On October 6, 2021 the Friends of Mount Auburn hosted a virtual presentation and panel discussion featuring volunteers from Cambridge Mothers Out Front. This is the local chapter of a national organization created and led by women. Their mission is to ensure a livable climate and sustainable future for the generations ahead.
Among its core principles, Mothers Out Front advocates for equal access to clean air and water and improved tree canopy. During this recorded event, Mothers Out Front members Kristine Jelstrup, Margery Davies, Hannah Mahoney, and Diane Martin reflected on their work to improve the quality of life for every citizen. The panelists also discussed their strategic efforts to support the passage of green roof/bio-solar legislation in Cambridge and climate legislation at the state level.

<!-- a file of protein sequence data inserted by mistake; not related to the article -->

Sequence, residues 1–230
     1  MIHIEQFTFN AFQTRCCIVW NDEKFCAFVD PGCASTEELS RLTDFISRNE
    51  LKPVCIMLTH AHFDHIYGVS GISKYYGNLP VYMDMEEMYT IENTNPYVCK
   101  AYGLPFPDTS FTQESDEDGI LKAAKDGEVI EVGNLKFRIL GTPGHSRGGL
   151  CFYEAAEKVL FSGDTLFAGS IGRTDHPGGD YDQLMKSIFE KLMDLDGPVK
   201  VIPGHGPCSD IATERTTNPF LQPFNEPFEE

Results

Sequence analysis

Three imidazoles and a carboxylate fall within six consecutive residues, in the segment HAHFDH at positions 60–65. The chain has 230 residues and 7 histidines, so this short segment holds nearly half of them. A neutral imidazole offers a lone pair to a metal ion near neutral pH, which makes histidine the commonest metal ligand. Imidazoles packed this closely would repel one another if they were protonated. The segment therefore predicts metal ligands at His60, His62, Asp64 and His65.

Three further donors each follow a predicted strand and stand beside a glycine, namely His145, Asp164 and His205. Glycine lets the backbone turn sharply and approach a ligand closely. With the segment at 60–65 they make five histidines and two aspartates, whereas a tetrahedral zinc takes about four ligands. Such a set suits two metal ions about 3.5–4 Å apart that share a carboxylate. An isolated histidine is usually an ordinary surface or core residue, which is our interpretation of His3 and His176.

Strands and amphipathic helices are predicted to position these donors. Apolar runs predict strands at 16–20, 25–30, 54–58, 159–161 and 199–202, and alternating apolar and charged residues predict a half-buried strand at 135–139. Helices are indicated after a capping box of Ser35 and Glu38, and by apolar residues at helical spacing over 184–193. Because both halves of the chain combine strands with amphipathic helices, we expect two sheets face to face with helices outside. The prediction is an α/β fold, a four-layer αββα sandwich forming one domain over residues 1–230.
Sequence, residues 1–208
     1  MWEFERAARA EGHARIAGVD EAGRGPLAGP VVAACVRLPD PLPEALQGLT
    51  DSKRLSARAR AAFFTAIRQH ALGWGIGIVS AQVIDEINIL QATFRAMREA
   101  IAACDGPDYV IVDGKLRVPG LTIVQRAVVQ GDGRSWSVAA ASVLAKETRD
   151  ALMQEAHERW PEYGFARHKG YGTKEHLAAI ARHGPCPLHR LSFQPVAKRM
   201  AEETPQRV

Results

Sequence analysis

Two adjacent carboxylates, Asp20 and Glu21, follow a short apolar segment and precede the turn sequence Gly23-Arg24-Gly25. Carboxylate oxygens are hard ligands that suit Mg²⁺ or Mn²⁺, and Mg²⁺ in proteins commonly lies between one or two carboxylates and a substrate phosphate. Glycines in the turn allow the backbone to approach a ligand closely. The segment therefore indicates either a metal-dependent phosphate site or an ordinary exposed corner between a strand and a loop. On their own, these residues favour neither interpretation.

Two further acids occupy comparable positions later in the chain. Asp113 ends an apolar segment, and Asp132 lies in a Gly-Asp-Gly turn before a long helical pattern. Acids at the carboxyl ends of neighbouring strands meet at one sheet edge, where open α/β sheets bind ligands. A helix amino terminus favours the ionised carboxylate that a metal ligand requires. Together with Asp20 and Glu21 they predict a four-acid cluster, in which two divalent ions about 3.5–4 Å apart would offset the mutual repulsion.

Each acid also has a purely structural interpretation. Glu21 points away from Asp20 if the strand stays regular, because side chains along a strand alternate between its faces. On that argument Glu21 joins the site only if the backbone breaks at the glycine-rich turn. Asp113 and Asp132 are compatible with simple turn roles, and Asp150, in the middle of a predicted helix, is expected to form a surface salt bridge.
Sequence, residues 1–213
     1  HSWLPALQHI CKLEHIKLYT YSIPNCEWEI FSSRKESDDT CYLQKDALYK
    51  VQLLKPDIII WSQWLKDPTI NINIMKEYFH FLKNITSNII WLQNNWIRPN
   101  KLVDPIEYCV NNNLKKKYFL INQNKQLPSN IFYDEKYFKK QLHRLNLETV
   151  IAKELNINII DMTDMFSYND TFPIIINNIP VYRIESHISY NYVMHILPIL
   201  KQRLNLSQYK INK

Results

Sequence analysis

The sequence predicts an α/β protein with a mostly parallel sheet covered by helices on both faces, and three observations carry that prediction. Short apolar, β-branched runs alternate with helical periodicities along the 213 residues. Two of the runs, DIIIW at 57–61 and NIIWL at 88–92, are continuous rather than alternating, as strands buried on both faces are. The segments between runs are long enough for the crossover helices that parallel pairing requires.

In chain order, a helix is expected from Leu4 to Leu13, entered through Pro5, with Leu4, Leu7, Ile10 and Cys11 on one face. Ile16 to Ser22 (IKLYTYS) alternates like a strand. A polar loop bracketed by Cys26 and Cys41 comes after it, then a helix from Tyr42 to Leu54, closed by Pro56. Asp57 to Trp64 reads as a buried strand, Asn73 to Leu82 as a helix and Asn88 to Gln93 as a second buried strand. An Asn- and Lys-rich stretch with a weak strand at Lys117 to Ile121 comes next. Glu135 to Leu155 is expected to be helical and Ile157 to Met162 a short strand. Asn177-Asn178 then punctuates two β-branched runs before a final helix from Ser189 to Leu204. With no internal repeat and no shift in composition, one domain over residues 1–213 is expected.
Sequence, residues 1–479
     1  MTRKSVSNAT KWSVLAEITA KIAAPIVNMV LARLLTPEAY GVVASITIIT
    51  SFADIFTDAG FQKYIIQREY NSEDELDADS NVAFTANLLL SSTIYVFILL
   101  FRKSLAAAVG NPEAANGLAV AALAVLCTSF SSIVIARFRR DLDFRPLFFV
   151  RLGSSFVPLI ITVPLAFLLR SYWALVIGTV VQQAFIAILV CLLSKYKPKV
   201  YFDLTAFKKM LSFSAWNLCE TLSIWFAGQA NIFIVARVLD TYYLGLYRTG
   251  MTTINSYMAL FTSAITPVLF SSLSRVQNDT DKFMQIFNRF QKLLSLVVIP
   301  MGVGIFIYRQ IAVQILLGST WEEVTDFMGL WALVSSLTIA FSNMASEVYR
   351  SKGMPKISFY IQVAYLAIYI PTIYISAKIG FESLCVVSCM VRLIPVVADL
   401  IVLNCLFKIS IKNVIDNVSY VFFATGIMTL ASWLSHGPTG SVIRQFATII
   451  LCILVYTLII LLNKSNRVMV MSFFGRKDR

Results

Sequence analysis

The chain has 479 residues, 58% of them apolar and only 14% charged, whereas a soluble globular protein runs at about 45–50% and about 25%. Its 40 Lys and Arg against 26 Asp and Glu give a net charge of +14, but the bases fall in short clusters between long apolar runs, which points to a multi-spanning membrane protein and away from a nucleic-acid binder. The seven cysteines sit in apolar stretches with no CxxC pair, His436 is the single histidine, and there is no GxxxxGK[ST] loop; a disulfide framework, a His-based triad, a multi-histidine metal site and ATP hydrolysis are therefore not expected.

Mount Auburn is connected to Mothers Out Front through the “green burials” and memorials of loved ones and simply as an inspirational setting for contemplative walks. As evidence of the Cemetery’s inspirational qualities, Mothers Out Front volunteer Hannah Mahoney shared a haiku she wrote after an early autumn visit to the Cemetery (a moment also captured in a photograph taken by her husband):
the fattest bumblebee dozing
in the tallest zinnia
Cambridge Mothers Out Front
Learn more about Cambridge Mothers Out Front. You do not have to be a mother or grandmother to participate. Truly all are welcome to participate in this most important of struggles for our very future.
About the Climate Speaker Series
Mount Auburn Cemetery’s Climate Speaker Series provides a platform for local researchers, academics, public officials, business and non-profit leaders, and volunteer organizations to share with the public their work to investigate, mitigate, and adapt to the threats of our warming climate.
Funding for this program was provided in part by the Massachusetts Cultural Council.